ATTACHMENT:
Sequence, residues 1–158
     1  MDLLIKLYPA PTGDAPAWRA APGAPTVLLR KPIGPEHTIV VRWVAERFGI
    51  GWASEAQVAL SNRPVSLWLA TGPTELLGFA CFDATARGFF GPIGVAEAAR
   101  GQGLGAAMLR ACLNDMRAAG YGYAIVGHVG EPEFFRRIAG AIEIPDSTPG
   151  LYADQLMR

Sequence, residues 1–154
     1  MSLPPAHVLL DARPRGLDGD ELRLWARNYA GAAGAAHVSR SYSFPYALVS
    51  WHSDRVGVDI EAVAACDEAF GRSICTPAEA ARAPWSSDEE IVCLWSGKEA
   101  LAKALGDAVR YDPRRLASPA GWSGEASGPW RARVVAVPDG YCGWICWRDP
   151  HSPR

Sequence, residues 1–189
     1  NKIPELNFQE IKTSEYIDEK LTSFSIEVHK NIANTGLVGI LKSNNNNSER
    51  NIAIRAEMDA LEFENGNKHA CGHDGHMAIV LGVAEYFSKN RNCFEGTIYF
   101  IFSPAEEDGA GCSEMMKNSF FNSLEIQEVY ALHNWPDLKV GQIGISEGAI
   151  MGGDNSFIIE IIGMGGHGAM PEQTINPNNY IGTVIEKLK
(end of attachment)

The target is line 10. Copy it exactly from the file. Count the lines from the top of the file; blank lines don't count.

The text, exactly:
   151  HSPR